“We also found that dexmedetomidine was equally effective in counteracting effects of cocaine in subjects with a rare genetic mutation thought to disrupt the effects of dexmedetomidine,” said Dr. Ronald Victor, professor of internal medicine and co-author of the study. “Because this particular mutation is more common in African-Americans than in Caucasians, our study results are applicable to a more diverse, multiethnic population.” Further research is needed, study authors said, to determine whether the treatment would be effective for acute cocaine overdose in the emergency room and to gauge whether it would be effective in reversing cocaine-induced constriction of the coronary vessels to the same degree it does in skin vessels.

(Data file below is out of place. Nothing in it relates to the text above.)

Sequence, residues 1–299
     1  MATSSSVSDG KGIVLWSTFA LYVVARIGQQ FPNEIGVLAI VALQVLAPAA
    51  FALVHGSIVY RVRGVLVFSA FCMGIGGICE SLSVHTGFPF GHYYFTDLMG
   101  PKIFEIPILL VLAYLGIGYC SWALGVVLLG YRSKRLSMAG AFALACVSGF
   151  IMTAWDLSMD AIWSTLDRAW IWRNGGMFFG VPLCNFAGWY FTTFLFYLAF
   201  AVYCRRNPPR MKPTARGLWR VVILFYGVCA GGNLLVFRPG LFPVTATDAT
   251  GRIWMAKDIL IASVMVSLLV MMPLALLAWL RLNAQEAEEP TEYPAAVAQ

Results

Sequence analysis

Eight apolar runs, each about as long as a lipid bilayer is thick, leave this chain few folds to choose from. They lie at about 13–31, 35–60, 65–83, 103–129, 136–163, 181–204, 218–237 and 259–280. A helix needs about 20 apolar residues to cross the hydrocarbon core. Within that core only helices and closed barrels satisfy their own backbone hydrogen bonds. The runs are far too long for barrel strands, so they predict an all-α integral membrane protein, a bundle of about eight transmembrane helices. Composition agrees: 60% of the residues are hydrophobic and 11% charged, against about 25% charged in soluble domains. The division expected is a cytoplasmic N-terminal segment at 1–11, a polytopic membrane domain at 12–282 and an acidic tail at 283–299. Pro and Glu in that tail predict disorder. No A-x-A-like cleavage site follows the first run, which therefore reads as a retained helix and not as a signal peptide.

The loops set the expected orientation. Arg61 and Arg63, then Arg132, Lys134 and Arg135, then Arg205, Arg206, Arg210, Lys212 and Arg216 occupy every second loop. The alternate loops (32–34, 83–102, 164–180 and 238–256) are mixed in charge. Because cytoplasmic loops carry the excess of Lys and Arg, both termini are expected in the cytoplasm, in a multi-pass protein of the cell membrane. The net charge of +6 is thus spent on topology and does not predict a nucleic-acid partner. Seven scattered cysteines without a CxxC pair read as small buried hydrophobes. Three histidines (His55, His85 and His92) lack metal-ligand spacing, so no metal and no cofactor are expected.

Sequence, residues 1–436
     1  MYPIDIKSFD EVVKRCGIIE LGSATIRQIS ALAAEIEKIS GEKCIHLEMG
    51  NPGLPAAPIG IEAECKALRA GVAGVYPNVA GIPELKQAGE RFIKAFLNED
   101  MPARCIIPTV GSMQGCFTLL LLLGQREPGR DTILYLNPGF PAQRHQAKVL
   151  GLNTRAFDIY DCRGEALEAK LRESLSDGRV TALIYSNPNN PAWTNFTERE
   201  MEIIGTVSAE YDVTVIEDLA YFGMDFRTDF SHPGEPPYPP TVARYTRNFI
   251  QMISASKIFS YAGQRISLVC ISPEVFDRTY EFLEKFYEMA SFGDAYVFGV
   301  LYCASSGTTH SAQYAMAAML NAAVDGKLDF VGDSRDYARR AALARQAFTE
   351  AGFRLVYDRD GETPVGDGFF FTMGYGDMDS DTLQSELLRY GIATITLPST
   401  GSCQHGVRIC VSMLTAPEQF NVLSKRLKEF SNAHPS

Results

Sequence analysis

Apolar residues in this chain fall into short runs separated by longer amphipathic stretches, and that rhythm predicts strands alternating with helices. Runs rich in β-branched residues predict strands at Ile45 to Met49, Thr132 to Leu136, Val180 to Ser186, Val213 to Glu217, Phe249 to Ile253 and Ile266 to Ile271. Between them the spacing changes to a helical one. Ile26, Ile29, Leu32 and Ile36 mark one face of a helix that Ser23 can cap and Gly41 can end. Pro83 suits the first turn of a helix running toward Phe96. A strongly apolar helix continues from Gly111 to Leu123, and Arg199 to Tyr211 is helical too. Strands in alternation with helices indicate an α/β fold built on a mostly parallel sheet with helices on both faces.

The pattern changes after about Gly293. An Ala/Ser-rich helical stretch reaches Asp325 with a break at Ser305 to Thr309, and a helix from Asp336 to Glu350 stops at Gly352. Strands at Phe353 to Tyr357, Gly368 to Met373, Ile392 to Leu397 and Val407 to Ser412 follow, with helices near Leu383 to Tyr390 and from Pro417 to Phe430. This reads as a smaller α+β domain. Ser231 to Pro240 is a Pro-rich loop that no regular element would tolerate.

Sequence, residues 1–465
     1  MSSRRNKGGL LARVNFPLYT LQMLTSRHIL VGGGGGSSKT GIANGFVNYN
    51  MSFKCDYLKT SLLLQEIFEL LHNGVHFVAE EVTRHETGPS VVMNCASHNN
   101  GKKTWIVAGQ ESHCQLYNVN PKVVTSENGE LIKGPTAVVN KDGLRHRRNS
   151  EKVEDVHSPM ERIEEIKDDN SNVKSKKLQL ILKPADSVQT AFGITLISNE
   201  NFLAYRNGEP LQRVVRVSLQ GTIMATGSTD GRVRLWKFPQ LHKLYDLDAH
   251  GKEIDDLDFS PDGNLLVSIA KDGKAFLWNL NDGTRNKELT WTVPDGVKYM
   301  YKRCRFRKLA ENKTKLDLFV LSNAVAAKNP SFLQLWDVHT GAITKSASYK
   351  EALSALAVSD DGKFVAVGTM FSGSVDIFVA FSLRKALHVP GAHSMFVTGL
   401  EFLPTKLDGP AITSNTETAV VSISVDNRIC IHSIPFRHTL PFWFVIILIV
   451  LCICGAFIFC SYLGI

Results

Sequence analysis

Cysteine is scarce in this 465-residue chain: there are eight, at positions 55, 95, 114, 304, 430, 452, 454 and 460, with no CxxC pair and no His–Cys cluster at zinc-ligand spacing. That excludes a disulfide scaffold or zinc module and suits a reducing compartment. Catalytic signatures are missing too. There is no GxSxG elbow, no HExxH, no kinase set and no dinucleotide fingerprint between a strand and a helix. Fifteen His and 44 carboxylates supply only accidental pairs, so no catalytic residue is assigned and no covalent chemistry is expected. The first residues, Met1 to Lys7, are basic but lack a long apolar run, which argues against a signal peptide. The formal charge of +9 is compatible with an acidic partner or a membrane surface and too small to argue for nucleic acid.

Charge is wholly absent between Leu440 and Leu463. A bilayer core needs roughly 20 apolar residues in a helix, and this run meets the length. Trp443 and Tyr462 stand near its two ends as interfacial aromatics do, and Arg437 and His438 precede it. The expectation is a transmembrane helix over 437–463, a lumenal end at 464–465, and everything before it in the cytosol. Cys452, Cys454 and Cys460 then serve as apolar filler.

Katherine Morales | EurekAlert!
Further information:
http://www.utsouthwestern.edu
http://www.utsouthwestern.edu/home/news/index.html

Further reports about: Cardiovascular activity blood pressure cocaine dexmedetomidine effect

More articles from Life Sciences:

nachricht Multi-institutional collaboration uncovers how molecular machines assemble
02.12.2016 | Salk Institute

nachricht Fertilized egg cells trigger and monitor loss of sperm’s epigenetic memory
02.12.2016 | IMBA - Institut für Molekulare Biotechnologie der Österreichischen Akademie der Wissenschaften GmbH

All articles from Life Sciences >>>

The most recent press releases about innovation >>>

Die letzten 5 Focus-News des innovations-reports im Überblick:

Im Focus: Novel silicon etching technique crafts 3-D gradient refractive index micro-optics